LeClaire nearly full once again
For many of the 100 or so residents in the LeClaire Apartments, living at the downtown landmark is as rewarding as owning their own home. For others, it's even better.
``Living here is just like coming home for both of us,'' Rex Merryman said of the fifth-floor apartment where he and his wife, Dorothy, have lived for just over a year.
The Merrymans, both in their 80s, worked at the former LeClaire Hotel about 50 years ago.
Mrs. Merryman, a retired beautician, opened her first shop on the main floor of the former hotel. Mr. Merryman worked in the hotel's food service operation. While the couple did not meet at the LeClaire, each can appreciate the other's memories of the downtown hotspot.
``We've always loved this place,'' Mr. Merryman said. ``You just can't beat living here.''
In addition to their memories of the place, the Merrymans chose the LeClaire for its convenience and security. When mowing the grass and shoveling snow became difficult, apartment living made better sense. So, the Merrymans sold their Moline home and moved downtown.
LeClaire Apartments manager Mary Klevgard said nearly all the 110 apartment units, created in a multi-million-dollar renovation, are occuppied.
``We have a beautiful place here,'' Ms. Klevgard said. ``And we've really got some great residents.''
With the building nearly full, many residents said they'd like to see the building's lower level put to use. While the northern part of the main floor is occupied by a computer-education company, the available retail space remains vacant.
``We'd give anything to have a deli or convenience store here,'' Mr. Merryman said. ``We've got a building full of people who would use such things.''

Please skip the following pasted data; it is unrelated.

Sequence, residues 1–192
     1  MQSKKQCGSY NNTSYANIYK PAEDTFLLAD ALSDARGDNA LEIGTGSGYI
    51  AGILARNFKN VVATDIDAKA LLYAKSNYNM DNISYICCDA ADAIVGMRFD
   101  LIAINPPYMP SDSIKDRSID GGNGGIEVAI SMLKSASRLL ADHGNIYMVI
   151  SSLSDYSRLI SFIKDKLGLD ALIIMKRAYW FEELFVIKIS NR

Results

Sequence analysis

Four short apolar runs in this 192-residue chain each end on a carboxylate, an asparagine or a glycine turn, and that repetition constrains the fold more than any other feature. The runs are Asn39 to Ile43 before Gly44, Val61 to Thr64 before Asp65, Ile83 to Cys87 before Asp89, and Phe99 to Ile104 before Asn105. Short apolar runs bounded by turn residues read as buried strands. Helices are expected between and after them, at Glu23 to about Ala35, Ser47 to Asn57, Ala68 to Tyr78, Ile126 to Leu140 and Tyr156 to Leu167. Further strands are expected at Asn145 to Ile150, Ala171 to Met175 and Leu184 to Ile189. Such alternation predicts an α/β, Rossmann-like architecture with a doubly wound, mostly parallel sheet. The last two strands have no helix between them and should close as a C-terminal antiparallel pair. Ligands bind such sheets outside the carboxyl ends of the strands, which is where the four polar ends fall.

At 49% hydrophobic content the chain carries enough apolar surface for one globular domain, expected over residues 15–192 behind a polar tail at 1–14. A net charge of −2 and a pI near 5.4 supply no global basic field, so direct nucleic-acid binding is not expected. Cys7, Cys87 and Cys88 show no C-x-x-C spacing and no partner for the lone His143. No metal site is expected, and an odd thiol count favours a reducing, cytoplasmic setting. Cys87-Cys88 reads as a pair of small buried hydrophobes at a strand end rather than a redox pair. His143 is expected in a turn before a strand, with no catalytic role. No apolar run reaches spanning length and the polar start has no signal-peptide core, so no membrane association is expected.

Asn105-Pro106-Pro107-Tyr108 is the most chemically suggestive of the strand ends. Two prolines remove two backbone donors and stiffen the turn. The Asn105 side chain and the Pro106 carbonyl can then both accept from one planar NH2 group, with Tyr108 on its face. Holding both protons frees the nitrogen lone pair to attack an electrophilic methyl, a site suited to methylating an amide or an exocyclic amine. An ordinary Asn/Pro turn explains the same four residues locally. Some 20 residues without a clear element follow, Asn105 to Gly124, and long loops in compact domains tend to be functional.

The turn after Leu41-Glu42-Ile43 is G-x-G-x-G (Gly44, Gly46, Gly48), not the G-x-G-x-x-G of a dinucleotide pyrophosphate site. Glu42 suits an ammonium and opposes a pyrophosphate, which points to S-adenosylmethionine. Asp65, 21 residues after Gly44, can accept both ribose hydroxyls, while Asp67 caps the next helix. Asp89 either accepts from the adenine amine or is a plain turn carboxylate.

Perhaps no one is more anxious to see a retail resident in the LeClaire than the building's first tenant, Holly Langill.
Ms. Langill moved into her seventh-floor apartment just over two years ago. She said she was drawn to the convenient location, the flurry of downtown activity and a manageable price.
``I was real impressed with what they were doing,'' Ms. Langill said of the renovated hotel. ``Now, there is a real sense of community here.''
Still, Ms. Langill said, she'd like to see businesses join the LeClaire community.
``A deli would be nice,'' she said. ``Or, a coffee shop -- anything.''
While the developer that renovated the old hotel, Madison-based Alexander Co., recently sold its interest in the apartments, a spokeswoman for management group Stonehouse Development said recruiting retailers remains a priority.
``We're pleased the LeClaire has enjoyed great success as a residential community,'' Suzanne Voeltz said. ``Now, we're prepared to redouble our efforts with a ground-floor commercial component.''
While Stonehouse Development manages the LeClaire, the building now is owned by Housing Horizons, a subsidiary of Kimberly-Clark Corp.
Facts about LeClaire Apartments
-- Built in 1922 at a cost of $1 million, the average room rate during the LeClaire Hotel's first year of operation was $1 to $2 a night.
-- Rental prices for today's LeClaire Apartments range from $360 to $910 per month.
-- The landmark's $9 million renovation, completed in 1995 by Madison-based Alexander Co., created 110 apartment units.
-- The LeClaire Hotel, which closed in 1983, had several famous guests, including U.S. Sens. Barry Goldwater, John F. Kennedy, Edmund Muskie and Ted Kennedy, and President Richard Nixon.
-- Nearly 100 percent occuppied, the LeClaire Apartments contain 39 1-bedroom, 68 2-bedroom and 3 3-bedroom units.
-- By Barb Ickes (February 2, 1998)
Copyright © 1998 Moline Dispatch Publishing Company, L.L.C.